As the population in the U.S. grows older, it is becoming increasingly common for individuals to inherit retirement accounts from their family members or friends. However, it's important that as an heir to such accounts you follow particular steps in order to avoid making costly mistakes.
There are several options to handling inherited accounts, which depend on a variety of factors including your relationship to the original account holder, the age of the original account holder when they passed away and the type of account you’ve inherited. Here are four crucial steps to follow to increase your benefits in the long run:
Step 1: Title the New IRA
Once you inherit an IRA, you’ll want to make sure it’s set up correctly. An inherited IRA should have the name of the deceased original owner and it should also indicate that the IRA was inherited. Alternatively, if the deceased was a spouse you have the option to roll over the amount of the inherited IRA into your account. Keep in mind that if you transfer any distributed money to a new account in your name, you must do so within 60 days.1
If you’ve inherited an IRA from someone other than a spouse, you will not be able to move money into your own retirement account. In order to keep the tax benefits of the inherited account, you will need to set up a new Inherited IRA for Benefit under your name.2 After the account has been created, you’ll be able to transfer assets from the original account to your beneficiary IRA.
Step 2: Calculating the Right Distribution Amount
If you’re a spouse of the deceased, the prior year-end account value and life expectancy are needed to calculate the distribution amount on your inherited IRA. For this calculation, the value of the account from the last year is used. For example, in order to calculate distributions for the year 2019, the account value on December 31, 2018, is used.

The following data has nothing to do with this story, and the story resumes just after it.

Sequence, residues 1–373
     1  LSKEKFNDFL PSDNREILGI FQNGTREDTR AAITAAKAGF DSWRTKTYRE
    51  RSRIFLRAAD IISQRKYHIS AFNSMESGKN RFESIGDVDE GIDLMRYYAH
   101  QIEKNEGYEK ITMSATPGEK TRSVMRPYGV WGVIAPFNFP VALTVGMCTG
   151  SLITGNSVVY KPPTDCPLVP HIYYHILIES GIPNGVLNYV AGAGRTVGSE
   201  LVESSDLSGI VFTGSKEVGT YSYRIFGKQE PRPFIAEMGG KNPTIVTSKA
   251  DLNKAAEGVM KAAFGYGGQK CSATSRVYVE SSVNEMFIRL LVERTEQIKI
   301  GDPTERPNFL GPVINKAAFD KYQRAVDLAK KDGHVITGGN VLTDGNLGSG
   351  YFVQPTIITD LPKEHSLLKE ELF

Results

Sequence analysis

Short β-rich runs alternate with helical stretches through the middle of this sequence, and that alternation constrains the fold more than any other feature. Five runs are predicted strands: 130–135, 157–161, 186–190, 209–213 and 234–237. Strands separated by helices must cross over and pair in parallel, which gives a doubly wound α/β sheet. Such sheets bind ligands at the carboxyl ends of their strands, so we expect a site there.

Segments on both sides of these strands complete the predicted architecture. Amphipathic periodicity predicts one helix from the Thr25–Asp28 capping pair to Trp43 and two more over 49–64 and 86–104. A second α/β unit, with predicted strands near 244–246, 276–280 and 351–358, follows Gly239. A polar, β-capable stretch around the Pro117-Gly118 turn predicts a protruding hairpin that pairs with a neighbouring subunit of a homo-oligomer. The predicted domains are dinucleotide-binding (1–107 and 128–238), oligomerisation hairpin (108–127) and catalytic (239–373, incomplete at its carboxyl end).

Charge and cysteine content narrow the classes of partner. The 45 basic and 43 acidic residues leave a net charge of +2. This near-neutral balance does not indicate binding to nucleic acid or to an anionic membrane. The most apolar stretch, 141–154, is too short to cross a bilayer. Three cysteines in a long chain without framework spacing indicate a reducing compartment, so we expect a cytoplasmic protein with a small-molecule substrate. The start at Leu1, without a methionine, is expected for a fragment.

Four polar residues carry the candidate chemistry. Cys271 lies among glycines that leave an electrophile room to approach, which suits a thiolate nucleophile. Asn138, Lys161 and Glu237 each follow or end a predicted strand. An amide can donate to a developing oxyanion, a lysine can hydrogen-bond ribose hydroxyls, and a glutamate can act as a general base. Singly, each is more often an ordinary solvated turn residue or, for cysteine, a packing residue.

If you are a non-spousal beneficiary, it’s important to note that you’ll be required to withdraw the entirety of the account within 10 years, if the deceased passed on or after January 1, 2020.3 Prior to the SECURE Act passing, the IRA amount was allowed to be withdrawn throughout the beneficiary’s remaining life expectancy.
Step 3: Determine If the IRA Has an After-Tax Basis
Most beneficiaries are either unaware or unwilling to find out if the IRA they’ve inherited has an after-tax basis. If you have inherited an IRA and you find out that it has an after-tax contribution you should fill out a Form 8606.4 By completing this form you’ll be able to claim the non-deductible portion of the required minimum distribution.
You can always ask the executor if they are aware that the IRA has an after-tax contribution, but they might not know themselves and will need to refer to the tax returns of the deceased to learn if they filled out the form previously.
Step 4: Make a Plan for the Taxation of Distributions
Taxation of distribution is different for Roth IRAs and other IRAs. In many cases, Roth IRAs have distributions that are tax-free if the beneficiary is taking the minimum distributions. However, for other IRAs, the distributions are fully taxable unless the original IRA owner had a tax basis on their IRA. If the distribution is taxable, you can add the taxable portion of the distribution to the tax projection for the year to learn the amount of tax you should withhold.
As you make a plan for distribution, remember the SECURE Act’s new change for non-spousal beneficiaries. You will be required to distribute the entirety of the account within 10 years of inheriting it. Exceptions to this rule include:
- Disabled or chronically ill persons
- Those who are less than 10 years younger than the deceased3
To avoid making costly errors, you should meet with a knowledgeable advisor as soon as you learn that you have inherited an IRA. Mistakes could mean larger taxes and complexities in the long run.
This content is developed from sources believed to be providing accurate information, and provided by Twenty Over Ten. It may not be used for the purpose of avoiding any federal tax penalties. Please consult legal or tax professionals for specific information regarding your individual situation. The opinions expressed and material provided are for general information, and should not be considered a solicitation for the purchase or sale of any security.